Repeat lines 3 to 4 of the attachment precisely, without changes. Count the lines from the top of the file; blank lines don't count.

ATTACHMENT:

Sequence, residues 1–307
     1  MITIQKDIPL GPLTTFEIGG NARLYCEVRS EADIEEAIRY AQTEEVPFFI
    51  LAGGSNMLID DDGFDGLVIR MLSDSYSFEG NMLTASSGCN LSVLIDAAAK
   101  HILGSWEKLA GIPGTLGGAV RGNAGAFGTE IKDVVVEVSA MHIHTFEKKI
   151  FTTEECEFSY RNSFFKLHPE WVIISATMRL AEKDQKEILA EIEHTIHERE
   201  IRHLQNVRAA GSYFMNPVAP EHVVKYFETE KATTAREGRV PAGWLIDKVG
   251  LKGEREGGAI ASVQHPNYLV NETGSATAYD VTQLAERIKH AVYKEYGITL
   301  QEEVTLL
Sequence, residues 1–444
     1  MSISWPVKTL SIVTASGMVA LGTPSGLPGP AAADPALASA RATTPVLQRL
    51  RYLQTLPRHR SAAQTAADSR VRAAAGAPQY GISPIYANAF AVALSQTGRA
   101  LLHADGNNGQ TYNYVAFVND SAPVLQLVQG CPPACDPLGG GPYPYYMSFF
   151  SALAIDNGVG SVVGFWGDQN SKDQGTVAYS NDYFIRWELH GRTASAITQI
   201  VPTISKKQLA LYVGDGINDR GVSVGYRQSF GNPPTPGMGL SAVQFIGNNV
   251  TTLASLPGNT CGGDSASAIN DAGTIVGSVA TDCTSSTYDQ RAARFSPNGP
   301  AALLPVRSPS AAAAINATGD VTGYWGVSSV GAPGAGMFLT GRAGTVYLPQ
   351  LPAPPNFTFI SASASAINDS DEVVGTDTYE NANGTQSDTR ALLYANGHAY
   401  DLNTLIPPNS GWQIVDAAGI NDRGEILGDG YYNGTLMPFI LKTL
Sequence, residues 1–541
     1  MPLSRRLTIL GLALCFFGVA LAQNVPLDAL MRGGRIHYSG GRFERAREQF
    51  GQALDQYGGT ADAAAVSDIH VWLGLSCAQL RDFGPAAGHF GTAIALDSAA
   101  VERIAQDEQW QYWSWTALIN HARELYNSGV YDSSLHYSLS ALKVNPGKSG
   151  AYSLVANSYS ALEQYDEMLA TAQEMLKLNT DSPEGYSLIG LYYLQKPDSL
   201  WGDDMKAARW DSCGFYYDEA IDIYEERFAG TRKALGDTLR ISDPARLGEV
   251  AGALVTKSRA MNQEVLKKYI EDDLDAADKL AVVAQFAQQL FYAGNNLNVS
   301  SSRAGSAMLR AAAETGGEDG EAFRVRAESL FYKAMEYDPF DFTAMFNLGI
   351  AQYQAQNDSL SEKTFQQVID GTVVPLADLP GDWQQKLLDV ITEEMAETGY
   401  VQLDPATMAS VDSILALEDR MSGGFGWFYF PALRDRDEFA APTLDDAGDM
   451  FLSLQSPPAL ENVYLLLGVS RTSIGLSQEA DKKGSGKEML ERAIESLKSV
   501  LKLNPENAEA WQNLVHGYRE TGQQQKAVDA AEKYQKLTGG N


    51  LAGGSNMLID DDGFDGLVIR MLSDSYSFEG NMLTASSGCN LSVLIDAAAK
   101  HILGSWEKLA GIPGTLGGAV RGNAGAFGTE IKDVVVEVSA MHIHTFEKKI